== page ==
1. n. [Formation Evaluation]
A distance that characterizes how far a logging tool measures into the formation from the axis of the tool or borehole. The term is similar to depth of investigation, but is more appropriate for certain azimuthally symmetric measurements, mainly resistivity. The radius of investigation summarizes the radial response of the measurement in one or more distances, and should be associated with the percentage of signal received from within that depth, typically either 50% or 90%. Most quoted depths of investigation assume a homogeneous formation with certain properties, such as a given resistivity or fluid content. The radius of investigation can vary considerably in inhomogeneous conditions, and at different values of the properties concerned. It should be considered only a qualitative guide to tool response.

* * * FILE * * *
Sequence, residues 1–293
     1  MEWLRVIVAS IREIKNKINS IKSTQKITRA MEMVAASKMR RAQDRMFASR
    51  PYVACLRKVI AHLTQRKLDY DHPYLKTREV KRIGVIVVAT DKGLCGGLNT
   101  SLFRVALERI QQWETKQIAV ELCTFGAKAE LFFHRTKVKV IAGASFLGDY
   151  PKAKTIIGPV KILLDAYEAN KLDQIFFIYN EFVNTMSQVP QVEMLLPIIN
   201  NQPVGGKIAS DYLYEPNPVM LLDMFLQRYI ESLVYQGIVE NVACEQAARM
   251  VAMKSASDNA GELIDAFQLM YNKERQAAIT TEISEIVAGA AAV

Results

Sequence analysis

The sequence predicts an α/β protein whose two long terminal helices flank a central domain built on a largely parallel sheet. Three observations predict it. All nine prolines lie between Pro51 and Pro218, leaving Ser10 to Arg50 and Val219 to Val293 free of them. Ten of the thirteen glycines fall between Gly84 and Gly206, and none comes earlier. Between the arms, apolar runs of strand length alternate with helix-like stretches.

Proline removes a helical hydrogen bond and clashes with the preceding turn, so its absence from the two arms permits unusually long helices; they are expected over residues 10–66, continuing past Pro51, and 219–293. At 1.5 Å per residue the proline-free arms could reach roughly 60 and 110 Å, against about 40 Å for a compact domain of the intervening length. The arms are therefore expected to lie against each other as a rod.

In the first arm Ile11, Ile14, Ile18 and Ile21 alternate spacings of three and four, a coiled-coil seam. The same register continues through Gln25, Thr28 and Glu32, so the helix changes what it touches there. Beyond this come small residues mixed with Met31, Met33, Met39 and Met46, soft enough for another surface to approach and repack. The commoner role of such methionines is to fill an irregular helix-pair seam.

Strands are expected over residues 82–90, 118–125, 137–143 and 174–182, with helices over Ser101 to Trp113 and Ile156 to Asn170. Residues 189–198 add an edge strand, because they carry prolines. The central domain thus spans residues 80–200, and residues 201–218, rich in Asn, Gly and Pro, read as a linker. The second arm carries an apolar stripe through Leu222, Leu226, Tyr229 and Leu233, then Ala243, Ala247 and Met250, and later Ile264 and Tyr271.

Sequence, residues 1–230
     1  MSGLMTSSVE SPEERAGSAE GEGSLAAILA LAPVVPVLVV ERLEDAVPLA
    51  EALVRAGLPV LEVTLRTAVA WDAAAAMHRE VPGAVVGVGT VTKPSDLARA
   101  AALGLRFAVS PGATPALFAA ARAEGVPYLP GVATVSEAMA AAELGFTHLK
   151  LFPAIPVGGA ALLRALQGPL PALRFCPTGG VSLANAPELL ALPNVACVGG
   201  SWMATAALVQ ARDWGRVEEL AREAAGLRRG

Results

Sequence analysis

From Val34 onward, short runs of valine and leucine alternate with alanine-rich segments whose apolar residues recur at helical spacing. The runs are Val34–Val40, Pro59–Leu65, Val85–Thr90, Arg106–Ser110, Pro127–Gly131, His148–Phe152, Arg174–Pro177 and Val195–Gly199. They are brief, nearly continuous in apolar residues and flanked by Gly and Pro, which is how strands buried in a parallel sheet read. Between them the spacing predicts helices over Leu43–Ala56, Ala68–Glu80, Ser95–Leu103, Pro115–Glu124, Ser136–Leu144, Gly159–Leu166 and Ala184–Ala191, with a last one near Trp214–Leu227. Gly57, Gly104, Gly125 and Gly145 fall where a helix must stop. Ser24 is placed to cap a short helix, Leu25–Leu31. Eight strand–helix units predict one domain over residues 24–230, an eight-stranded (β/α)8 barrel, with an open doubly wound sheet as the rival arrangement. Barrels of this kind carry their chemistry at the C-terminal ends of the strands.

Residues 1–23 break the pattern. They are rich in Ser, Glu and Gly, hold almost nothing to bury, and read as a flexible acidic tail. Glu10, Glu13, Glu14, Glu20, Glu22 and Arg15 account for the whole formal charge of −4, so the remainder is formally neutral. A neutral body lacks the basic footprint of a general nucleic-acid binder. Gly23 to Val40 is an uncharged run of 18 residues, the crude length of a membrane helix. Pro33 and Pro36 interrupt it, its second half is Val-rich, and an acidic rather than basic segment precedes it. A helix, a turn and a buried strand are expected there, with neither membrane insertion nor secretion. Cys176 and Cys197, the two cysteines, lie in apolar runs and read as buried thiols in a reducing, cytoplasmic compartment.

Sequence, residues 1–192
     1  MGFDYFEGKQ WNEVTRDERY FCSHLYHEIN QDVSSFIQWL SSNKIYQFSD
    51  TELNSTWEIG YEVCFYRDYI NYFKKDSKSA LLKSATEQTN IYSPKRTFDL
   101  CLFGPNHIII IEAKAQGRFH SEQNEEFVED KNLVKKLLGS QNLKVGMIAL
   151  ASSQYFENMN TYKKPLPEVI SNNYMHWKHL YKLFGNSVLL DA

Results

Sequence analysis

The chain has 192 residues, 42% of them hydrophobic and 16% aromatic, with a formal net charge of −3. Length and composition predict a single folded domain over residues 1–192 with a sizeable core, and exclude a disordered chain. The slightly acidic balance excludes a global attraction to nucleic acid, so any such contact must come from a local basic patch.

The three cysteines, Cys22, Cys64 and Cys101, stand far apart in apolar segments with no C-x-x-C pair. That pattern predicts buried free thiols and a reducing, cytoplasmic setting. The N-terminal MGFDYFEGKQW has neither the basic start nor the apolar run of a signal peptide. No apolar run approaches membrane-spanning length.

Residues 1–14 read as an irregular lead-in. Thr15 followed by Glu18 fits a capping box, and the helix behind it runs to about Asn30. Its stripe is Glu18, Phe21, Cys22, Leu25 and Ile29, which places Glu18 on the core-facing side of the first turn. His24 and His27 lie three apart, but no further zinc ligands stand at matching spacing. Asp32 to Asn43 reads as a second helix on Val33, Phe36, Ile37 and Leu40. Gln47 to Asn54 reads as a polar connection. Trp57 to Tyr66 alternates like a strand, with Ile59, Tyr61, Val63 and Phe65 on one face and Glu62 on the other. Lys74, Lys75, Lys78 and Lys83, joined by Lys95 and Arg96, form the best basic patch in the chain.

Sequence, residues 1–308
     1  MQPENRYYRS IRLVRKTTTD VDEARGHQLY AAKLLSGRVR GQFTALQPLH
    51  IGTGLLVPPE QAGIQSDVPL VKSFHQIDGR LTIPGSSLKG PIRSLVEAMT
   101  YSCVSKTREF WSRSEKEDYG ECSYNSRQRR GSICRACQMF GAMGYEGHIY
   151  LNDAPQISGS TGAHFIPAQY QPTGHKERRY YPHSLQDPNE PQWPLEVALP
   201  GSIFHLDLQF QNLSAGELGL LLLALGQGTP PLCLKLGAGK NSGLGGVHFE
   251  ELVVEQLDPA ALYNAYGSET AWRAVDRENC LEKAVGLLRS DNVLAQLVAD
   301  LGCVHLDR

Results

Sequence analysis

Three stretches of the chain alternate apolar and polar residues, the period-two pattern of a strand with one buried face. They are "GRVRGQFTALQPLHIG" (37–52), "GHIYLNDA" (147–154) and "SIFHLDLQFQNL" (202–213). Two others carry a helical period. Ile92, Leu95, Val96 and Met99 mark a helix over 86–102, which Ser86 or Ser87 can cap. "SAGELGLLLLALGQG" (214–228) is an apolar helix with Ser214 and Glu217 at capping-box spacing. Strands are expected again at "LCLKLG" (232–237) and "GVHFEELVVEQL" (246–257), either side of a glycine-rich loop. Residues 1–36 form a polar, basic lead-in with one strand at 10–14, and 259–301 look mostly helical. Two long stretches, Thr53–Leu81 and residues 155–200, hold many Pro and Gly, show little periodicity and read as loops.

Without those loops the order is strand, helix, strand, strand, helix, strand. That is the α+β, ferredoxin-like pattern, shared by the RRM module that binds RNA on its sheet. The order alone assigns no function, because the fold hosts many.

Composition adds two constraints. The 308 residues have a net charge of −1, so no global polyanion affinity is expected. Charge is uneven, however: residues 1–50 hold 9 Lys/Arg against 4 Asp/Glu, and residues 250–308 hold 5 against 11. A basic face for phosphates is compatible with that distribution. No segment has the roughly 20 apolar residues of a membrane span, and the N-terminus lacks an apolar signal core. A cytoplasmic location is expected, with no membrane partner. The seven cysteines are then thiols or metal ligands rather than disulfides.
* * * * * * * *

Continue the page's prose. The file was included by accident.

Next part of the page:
See: radial response
2. n. [Well Testing]
The calculated maximum radius in a formation in which pressure has been affected during the flow period of a transient well test. While not absolutely accurate, the value has meaning in relation to the total volume of reservoir that is represented by calculated reservoir parameters, such as kh, the permeability thickness. This may also be termed transient drainage radius.
Synonyms: transient drainage radius